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Femme lesbian at 2019 New York City Pride.

Femme (/fɛm/;[1] French: [fam], literally meaning "woman") is a term traditionally used to describe a lesbian who exhibits a feminine identity or gender presentation.[2][3] Alternate meanings of the word also exist with some non-lesbian individuals using the word,[4] notably some gay men, bisexuals, non-binary, and transgender individuals.[5]

Heavily associated with lesbian history and culture,[3] femme has been used among lesbians to distinguish traditionally feminine lesbians from their butch (i.e. masculine) lesbian counterparts and partners.[a] Derived from American lesbian communities following World War II when women joined the work force,[6] the identity became a characteristic of the working class lesbian bar culture of the 1940s–1950s.[8] By the 1990s, the term femme had additionally been adopted by bisexual women.[6] It has however also been argued by bi+ and other queer activists that since the term bisexual is relatively newer than lesbian, bisexual women historically formed part of the lesbian community and thus used the term femme as a sub-group of lesbians.[citation needed] Hence, the adoption of femme by the 1990s may be considered a re-adoption by the same community following the distinction between lesbians and bisexual women[9] and the lesbian separatist movement of the 1970s.[10]

1940s through 60s culture[edit]

Scholars Heidi M. Levitt and Sara K. Bridges state that the terms butch and femme are derived from the 1940s-1950s American lesbian communities following World War II "when women joined the work force and began wearing pants, creating the possibility for the development of a butch aesthetic and gender expression within gay women's communities." They state that "the butch-femme culture made lesbians visible for the first time."[6]

Femme lesbian scholar Joan Nestle describes the femme lesbian identity as being underrepresented in historical records, with femme women having been often attacked for passing as straight while also being accused of imitating heteronormativity for pairing with a butch partner. In Nestle's text on femme identity, "The Femme Question", she challenges this commonly held belief by stating that butch-femme relationships are "filled with a deeply lesbian language of stance, dress, gesture, love, courage and autonomy."[11] Arlene Istar Lev argues that through their subversive appropriation of heteronormative gender roles, these identities were considered "complex erotic and social statements" rooted in "gendered erotic identities".[12] Nestle states that they publicly declared same-sex love between women at a time when there was no liberation movement to support or protect them, and adds that "in the 1950s particularly, butch-femme couples were the front-line warriors against sexual bigotry. Because they were so visible, they suffered the brunt of street violence. The irony of social change has made a radical, sexual, political statement of the 1950s appear today a reactionary, non feminist experience."[11]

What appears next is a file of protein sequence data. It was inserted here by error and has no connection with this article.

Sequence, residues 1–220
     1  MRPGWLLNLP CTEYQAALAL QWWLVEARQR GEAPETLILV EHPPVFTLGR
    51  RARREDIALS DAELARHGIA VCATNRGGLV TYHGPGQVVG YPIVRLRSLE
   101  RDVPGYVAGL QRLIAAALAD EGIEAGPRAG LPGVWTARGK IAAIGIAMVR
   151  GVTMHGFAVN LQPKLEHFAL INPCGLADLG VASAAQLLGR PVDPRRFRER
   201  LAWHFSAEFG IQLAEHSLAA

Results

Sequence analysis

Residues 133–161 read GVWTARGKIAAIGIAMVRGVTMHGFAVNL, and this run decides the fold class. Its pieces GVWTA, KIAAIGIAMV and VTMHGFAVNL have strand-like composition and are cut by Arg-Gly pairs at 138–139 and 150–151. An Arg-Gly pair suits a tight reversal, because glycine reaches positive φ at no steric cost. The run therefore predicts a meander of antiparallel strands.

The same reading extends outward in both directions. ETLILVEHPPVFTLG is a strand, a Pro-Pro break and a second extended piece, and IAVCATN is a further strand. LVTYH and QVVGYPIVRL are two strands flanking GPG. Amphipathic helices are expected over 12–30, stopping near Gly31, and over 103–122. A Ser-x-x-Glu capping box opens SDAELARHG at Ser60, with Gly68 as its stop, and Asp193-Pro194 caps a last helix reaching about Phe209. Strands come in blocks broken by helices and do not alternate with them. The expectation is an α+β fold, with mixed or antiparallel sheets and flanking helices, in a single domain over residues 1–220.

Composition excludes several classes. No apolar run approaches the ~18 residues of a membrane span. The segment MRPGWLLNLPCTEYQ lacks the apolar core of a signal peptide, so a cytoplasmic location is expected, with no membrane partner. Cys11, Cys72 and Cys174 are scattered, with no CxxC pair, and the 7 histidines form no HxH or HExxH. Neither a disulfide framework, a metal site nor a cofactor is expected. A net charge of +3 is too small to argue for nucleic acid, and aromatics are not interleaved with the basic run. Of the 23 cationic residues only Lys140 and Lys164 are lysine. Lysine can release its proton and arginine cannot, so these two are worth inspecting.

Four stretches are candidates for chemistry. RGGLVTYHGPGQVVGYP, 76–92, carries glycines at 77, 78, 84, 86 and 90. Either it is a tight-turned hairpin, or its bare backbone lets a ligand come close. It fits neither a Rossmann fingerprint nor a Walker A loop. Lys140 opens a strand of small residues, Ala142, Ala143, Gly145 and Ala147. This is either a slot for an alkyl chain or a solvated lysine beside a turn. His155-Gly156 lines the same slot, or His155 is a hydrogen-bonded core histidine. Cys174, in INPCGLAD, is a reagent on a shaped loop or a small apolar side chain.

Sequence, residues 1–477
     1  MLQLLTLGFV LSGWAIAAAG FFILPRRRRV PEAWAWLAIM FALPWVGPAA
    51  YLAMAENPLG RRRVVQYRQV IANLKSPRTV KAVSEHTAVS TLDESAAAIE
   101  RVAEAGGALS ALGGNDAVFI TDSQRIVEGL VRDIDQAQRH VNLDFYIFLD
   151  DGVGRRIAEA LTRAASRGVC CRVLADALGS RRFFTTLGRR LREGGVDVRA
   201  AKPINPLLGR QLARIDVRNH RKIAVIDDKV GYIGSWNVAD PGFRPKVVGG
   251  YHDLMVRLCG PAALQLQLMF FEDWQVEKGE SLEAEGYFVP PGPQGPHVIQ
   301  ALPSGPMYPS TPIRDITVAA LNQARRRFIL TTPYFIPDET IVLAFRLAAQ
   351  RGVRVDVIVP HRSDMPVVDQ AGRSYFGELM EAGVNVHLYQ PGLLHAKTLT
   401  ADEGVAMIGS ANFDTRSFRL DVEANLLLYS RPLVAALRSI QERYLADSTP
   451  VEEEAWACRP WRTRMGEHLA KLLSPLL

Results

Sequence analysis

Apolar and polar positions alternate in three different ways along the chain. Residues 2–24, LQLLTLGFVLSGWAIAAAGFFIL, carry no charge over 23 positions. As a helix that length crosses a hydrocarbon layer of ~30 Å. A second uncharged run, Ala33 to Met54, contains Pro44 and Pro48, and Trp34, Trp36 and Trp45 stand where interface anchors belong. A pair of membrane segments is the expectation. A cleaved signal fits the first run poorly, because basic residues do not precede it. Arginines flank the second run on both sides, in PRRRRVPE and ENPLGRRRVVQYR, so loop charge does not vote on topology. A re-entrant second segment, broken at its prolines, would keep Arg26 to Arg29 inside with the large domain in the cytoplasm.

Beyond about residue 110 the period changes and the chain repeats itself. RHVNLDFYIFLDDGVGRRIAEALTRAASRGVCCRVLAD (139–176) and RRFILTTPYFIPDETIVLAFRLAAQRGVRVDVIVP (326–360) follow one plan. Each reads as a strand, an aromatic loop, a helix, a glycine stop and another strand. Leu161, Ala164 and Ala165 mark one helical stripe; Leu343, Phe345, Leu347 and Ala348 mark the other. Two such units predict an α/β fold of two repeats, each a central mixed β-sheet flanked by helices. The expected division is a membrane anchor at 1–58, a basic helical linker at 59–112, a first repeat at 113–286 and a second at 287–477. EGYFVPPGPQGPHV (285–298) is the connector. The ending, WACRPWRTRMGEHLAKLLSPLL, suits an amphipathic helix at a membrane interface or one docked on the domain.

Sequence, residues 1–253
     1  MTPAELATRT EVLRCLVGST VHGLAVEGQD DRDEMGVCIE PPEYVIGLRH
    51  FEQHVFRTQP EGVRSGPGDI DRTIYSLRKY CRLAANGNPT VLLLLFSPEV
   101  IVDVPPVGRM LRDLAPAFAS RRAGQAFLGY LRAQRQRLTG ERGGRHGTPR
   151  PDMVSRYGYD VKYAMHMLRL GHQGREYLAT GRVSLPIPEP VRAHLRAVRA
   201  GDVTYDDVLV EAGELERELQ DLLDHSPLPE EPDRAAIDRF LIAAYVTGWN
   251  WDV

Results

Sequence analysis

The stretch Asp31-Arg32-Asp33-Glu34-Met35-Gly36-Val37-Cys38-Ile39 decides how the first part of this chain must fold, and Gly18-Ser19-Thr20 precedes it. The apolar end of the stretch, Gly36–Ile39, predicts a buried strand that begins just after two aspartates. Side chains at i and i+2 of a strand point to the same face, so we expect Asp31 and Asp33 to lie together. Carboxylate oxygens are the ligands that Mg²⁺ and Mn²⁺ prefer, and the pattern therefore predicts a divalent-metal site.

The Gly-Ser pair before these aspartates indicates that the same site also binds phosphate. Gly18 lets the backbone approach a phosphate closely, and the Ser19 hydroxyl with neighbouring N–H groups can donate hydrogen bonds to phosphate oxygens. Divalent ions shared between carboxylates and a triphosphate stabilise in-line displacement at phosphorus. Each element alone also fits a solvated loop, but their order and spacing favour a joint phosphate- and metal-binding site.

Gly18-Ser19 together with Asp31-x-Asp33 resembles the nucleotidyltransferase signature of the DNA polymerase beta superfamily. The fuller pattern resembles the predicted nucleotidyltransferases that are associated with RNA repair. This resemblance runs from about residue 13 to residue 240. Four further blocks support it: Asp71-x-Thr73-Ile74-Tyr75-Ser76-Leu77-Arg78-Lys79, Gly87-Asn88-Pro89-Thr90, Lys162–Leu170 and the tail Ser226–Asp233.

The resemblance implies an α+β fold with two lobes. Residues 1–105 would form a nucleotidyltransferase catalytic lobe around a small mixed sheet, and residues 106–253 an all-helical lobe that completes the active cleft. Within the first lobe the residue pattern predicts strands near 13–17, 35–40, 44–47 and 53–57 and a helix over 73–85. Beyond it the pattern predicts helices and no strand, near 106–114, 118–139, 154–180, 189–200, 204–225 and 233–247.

1970s and 80s, and rejection of femme during lesbian feminism[edit]

Lesbian feminism saw a rejection of the butch-femme dynamic and therefore femme identity. During the emergence of lesbian feminism, femme lesbians were accused by prominent lesbian feminist figures of aping patriarchal beauty standards for wearing traditional feminine clothing. Black lesbian feminist poet and activist Audre Lorde wrote in Tar Beach that "butch and femme role playing was the very opposite of what we felt being gay was all about – the love of women".[13]

Many bisexual women also active in the lesbian community felt pressured to identify as "lesbian", resulting in bisexual erasure factoring into the history of femme identities.[14][15] This is further impacted by the fact that bisexual communities and the related bisexual movement did not formalize until the 1970s.[14][16]

1990s and early 21st-century expansion of femme identity[edit]


During the 1990s and the emergence of the lipstick lesbian identity into the mainstream, femme became a catch-all term to describe a feminine lesbian. Citing research from the 1990s, Levitt and Bridges stated that the terms butch and femme "began infiltrating bisexual communities, and women began writing about their experiences as bisexual femmes", but also that "very little empirical research has been conducted looking at the expression and experience of gender expression and gender identity within bisexual women."[6]